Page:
• #11Forklift, Ohio: Issue #11
  • #12Forklift, Ohio: Issue #12
  • #13Forklift, Ohio: Issue #13
  • #14Forklift, Ohio: Issue #14
  • #15Forklift, Ohio: Issue #15
  • #16Forklift, Ohio: Issue #16
  • #17Forklift, Ohio: Issue #17
  • #18Forklift, Ohio: Issue #18
  • #19Forklift, Ohio: Issue #19
  • #20Forklift, Ohio: Issue #20
  • #21Forklift, Ohio: Issue #21
  • #22Forklift, Ohio: Issue #22
  • #23Forklift, Ohio: Issue #23
  • #24Forklift, Oeno: Bin #24
  • #25Forklift, Ohio: Issue #25
  • #26Forklift, Ohio: Issue #26
  • #27Forklift, Ohio: Issue #27
  • #28Forklift, Ohio: Issue #28
  • #29-30Forklift, Ohio: Issue #29-30
  • #31Forklift, Ohio: Issue #31
  • #32Forklift, Ohio: Issue #32
  • #33Forklift, Ohio: Issue #33
  • #34Forklift, Ohio: Issue #34
  • #35-36Forklift, Ohio: Issue #35-36
  • #37Forklift, Ohio: Issue #37


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Cynthia Arrieu-King is assistant professor of creative writing at Stockton College. Her work will appear this year in Harp and Altar, Fou Magazine, Witness, Boston Review, and TYPO.

Melissa Barrett is a poet from Ohio currently living in Colorado. In addition to writing poetry, she runs a vegan home bakery and has created a number of vegetarian recipes. Her work has recently appeared in Sotto Voce, Science Metropolis, and the Wittenberg Review of Literature and Art. She was a 2009 finalist for the Gulf Coast Prize for Poetry, judged by Brigit Pegeen Kelly.

Sarah Blackman is the director of creative writing at the Fine Arts Center, a public arts high school in Greenville, South Carolina. Her most recent poetry has appeared in or is forthcoming from Court Green, Versal and Phoebe. Her chapbook Such A Thing As America will be published by the Burnside Review this summer. 

Jessica Anya Blau’s first novel, The Summer of Naked Swim Parties, was chosen as a Best Summer Book by the Today Show, The New York Post and New York Magazine. The San Francisco Chronicle and other major newspapers chose the book as a Best Book of 2008. Her second novel, Home For The Heart Attack, will be published by HarperCollins in 2010. She lives in Baltimore.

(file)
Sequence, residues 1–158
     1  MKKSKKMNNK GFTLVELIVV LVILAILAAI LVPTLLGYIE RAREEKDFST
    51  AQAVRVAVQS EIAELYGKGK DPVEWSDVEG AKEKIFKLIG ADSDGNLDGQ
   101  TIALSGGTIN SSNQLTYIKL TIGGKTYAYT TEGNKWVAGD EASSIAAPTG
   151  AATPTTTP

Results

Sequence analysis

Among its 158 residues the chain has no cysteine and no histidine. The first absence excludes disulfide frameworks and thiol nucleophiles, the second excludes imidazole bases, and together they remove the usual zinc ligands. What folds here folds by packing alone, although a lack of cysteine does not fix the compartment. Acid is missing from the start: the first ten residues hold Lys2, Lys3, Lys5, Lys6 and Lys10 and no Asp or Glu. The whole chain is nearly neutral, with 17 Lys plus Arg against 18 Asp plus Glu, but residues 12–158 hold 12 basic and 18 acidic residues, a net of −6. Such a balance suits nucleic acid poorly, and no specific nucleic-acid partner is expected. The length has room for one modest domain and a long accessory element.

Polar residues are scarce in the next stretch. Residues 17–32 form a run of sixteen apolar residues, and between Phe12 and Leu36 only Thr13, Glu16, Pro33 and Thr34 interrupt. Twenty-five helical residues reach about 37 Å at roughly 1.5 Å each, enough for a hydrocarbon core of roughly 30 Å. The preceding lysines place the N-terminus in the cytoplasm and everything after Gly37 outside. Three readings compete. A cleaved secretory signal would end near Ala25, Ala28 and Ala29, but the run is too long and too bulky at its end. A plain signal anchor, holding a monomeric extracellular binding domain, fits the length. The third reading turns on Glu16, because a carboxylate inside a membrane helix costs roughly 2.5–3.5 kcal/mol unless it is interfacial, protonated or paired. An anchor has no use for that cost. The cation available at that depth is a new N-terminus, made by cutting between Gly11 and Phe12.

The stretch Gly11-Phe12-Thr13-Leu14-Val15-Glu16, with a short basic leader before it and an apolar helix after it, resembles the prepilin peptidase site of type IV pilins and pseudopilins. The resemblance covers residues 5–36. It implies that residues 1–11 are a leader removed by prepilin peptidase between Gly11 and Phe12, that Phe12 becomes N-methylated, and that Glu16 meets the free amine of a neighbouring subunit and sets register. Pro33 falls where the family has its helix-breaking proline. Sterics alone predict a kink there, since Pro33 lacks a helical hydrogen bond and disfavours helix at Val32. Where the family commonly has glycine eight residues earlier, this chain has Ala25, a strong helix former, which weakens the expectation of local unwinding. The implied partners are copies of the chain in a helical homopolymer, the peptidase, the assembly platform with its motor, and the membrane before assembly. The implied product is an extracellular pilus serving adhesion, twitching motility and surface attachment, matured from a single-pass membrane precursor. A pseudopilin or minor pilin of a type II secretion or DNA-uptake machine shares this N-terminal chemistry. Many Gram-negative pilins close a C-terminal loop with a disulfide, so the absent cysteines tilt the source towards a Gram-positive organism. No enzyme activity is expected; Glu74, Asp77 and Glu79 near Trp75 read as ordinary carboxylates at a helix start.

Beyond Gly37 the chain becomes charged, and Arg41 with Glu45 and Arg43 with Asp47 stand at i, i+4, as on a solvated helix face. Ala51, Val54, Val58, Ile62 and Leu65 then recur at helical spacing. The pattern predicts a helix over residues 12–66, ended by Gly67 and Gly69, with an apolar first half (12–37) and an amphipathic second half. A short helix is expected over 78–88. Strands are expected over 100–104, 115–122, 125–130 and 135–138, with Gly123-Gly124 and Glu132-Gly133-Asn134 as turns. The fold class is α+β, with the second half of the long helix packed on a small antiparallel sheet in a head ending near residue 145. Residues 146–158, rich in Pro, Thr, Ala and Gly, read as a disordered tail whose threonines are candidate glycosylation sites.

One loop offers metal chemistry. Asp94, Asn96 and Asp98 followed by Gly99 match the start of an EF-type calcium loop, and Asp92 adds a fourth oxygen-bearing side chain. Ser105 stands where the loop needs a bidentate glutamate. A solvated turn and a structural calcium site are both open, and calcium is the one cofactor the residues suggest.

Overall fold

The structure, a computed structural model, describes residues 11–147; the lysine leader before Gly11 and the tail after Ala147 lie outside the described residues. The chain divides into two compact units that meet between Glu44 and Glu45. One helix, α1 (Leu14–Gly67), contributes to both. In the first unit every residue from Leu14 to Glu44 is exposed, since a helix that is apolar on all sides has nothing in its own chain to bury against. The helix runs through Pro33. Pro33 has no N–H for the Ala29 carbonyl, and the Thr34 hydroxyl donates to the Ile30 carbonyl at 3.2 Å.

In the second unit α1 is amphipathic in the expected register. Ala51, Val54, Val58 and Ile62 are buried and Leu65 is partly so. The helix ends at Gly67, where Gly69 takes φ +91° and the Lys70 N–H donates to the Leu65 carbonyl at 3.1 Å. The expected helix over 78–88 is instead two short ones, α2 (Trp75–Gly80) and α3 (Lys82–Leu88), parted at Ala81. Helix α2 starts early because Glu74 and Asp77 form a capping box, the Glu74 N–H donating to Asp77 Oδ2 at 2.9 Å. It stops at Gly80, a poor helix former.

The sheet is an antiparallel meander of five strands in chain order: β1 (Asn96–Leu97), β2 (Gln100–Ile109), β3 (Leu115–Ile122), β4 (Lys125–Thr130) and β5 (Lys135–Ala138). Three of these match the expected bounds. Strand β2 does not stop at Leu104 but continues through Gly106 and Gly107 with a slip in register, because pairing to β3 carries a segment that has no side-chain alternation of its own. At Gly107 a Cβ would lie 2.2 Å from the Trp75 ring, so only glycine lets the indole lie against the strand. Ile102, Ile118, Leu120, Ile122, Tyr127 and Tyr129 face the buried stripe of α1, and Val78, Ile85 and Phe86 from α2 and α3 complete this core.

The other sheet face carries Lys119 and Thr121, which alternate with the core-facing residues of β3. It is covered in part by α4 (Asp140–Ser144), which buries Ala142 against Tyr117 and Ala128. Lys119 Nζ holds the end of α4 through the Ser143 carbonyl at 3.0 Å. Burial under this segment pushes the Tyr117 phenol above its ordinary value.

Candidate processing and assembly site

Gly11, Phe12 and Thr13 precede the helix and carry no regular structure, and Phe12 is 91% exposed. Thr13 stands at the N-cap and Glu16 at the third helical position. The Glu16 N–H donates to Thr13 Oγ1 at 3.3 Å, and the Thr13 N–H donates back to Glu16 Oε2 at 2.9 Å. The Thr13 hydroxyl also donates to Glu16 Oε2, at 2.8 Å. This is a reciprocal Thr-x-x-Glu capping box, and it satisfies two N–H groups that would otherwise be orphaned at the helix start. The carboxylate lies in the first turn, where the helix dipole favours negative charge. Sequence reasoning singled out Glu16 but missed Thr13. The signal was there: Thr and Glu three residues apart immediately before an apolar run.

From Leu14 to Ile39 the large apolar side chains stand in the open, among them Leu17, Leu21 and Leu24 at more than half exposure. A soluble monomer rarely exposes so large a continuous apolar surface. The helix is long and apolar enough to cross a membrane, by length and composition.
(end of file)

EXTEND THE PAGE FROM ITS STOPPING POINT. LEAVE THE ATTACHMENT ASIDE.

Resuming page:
Devon Branca is working toward a Ph.D. at Binghamton University where he is the managing editor for Harpur Palate. His work has been published in Indiana Review, Copper Nickel and is forthcoming in Fugue.

Francesca Chabrier lives on Orchard Street. She is the assistant editor of jubilat. Her poems can be seen in places like Sixth Finch and notnostrums. She also works on a collaborative project with Christopher Cheney. Together they are Amy Adams, and they keep a blog at amyadamsforever.blogspot.com.

Christopher Cheney is from “The Town That Can’t Be Licked,” Massachusetts. His digital chapbook They Kissed Their Homes is now available from Blue Hour Press. He is the managing editor of Slope Editions. His poems can be found in DIAGRAM, Notnostrums, Shampoo, and NOÖ Journal.

Paula Cisewski is the author of two books: Ghost Fargo (Nightboat, 2010) and Upon Arrival (Black Ocean, 2006), as well as three chapbooks: Two Museums (MaCaHu Press 2009), Or Else What Asked the Flame (with Mathias Svalina, Scantily Clad Press, 2008), and How Birds Work (Fuori, 2002).

Adam Clay is the author of The Wash. His second book, A Hotel Lobby at the Edge of the World, is forthcoming from Milkweed Editions. He co-edits Typo Magazine and lives in Michigan.